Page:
‘This is about a segment of our population that is no longer of the opinion that democracy works for their aims’
Republicans in California may be able to achieve something their national counterparts have dreamed of since the day Bill Clinton was sworn into office in 1992 — reversing the results of an election their candidate overwhelmingly lost.
Dentro 2018, then Lieutenant Governor Gavin Newsom won the Golden State’s top job by garnering votes from 7,721,410 Californians — 61.9 percent of ballots cast — with his Republican opponent unable to earn support from as much as 40 percent of the electorate. It was a predictable result for California Republicans, who have not won a statewide election since then-Governor Arnold Schwarzenegger was re-elected in 2008. Their record at the legislative level has been even worse, with Democrats having control of the state assembly and state senate almost continuously since 1970.
Newsom was sworn in as governor on January 7, 2019, and rather than put their efforts into winning back the governor’s mansion in the next regular election, Republican activists have circulated multiple petitions seeking to invoke the state’s recall process to remove him. The progressive-era law allows voters to trigger an election by collecting signatures from just 12 percent of registered voters — not even one-third of the number who voted for Newsom’s opponent in 2018.
There have been seven such efforts over the last three years, but only this latest one found success after conservative media made hay of Newsom’s decision to attend a dinner at an upscale French restaurant in Napa Valley at the same time he was encouraging Californians to wear masks and avoid large gatherings to prevent the spread of Covid-19.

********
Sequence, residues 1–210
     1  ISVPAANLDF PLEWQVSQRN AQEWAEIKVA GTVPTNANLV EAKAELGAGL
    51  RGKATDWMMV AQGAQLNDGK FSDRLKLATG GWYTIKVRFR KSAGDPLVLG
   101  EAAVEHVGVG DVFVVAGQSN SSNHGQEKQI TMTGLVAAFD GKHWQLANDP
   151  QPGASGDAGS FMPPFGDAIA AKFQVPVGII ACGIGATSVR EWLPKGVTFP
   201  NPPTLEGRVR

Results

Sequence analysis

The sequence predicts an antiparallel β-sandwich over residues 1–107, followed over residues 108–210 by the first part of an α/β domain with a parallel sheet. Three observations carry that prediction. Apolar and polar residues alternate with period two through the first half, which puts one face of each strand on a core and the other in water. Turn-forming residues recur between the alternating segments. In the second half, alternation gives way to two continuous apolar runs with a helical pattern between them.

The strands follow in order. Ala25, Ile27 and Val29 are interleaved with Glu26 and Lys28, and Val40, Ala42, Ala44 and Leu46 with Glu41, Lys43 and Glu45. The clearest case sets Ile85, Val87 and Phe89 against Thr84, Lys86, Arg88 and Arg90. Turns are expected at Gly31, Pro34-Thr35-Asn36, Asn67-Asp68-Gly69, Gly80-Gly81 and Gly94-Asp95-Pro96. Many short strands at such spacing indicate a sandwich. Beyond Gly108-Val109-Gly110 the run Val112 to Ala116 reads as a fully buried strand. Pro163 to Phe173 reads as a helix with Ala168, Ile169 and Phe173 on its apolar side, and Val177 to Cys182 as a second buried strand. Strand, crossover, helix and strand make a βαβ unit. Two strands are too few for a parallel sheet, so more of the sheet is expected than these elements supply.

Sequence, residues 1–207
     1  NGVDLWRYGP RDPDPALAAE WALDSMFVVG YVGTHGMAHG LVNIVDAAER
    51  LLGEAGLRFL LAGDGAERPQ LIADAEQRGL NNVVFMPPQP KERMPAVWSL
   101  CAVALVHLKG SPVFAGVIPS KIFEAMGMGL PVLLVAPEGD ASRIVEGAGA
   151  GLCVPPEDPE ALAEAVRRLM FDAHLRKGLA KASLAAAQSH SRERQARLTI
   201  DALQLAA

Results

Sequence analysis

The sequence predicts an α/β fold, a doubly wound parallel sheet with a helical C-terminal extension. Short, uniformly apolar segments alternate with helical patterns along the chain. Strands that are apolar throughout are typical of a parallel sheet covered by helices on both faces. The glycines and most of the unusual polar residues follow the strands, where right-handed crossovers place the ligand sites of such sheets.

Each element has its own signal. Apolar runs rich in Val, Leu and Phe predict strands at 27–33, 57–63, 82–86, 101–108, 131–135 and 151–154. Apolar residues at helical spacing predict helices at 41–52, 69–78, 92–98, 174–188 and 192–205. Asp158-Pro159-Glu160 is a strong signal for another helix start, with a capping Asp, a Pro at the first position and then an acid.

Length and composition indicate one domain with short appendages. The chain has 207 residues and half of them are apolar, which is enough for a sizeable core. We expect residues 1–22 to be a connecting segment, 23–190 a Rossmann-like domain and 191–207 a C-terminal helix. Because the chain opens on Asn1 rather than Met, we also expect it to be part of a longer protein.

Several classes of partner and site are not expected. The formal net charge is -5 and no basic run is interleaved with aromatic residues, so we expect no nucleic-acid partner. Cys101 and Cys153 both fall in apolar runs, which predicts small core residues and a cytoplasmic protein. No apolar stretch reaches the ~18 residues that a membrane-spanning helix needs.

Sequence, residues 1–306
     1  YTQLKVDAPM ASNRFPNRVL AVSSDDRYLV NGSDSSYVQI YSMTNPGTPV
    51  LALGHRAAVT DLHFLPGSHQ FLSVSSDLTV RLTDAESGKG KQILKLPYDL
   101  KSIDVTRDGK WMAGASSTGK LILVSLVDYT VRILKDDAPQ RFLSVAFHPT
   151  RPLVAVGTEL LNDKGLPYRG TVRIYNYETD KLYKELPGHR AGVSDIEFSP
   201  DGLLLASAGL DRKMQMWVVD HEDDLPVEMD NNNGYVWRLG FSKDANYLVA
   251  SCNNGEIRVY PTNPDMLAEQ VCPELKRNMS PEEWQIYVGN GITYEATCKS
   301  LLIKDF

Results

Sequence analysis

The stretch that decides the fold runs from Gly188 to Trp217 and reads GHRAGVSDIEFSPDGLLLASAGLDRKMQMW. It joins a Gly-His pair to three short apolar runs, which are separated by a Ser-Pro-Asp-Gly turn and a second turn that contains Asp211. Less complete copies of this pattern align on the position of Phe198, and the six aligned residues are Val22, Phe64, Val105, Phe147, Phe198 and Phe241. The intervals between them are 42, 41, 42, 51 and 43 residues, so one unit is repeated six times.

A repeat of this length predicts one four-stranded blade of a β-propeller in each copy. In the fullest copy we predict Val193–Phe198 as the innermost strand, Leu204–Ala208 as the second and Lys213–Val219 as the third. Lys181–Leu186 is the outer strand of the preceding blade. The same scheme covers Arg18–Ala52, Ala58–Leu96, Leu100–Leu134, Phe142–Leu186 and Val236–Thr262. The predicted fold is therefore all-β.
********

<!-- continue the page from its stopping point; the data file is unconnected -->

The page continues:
California’s recall law was put on the books in 1911 as a good-government measure meant to give the public a way to remove corrupt or incompetent officials. The last time it was successfully invoked was 2003, when voters elected Schwarzenegger to replace Democrat Gray Davis after 55 percent of them chose to oust him. He was perceived to have mismanaged the electricity crisis the state suffered during the early 2000s, as well as the economic fallout from the end of the dot-com bubble.
But veterans of California politics say this recall effort is a far cry from the one that put “the governator” in the governor’s mansion, and has far more in common with the Trump-era party’s unsuccessful push to overturn the 2020 eleição.
Steve Schmidt, the former Republican political strategist who managed Schwarzenegger’s 2008 campanha de reeleição, said the California GOP’s years-long push to remove Newsom reflects a “commitment to chaos as a means to take power” and “a party of kooks and cranks” with “no capacity to govern”.